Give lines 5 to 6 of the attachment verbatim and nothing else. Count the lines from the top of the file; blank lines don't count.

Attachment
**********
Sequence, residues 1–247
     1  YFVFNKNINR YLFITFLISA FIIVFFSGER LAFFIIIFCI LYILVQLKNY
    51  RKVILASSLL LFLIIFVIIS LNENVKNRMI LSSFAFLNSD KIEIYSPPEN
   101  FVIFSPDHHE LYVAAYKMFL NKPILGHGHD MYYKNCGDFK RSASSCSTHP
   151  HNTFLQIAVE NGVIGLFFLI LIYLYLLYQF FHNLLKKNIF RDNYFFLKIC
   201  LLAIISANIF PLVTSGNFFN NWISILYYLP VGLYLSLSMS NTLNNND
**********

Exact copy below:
   151  HNTFLQIAVE NGVIGLFFLI LIYLYLLYQF FHNLLKKNIF RDNYFFLKIC
   201  LLAIISANIF PLVTSGNFFN NWISILYYLP VGLYLSLSMS NTLNNND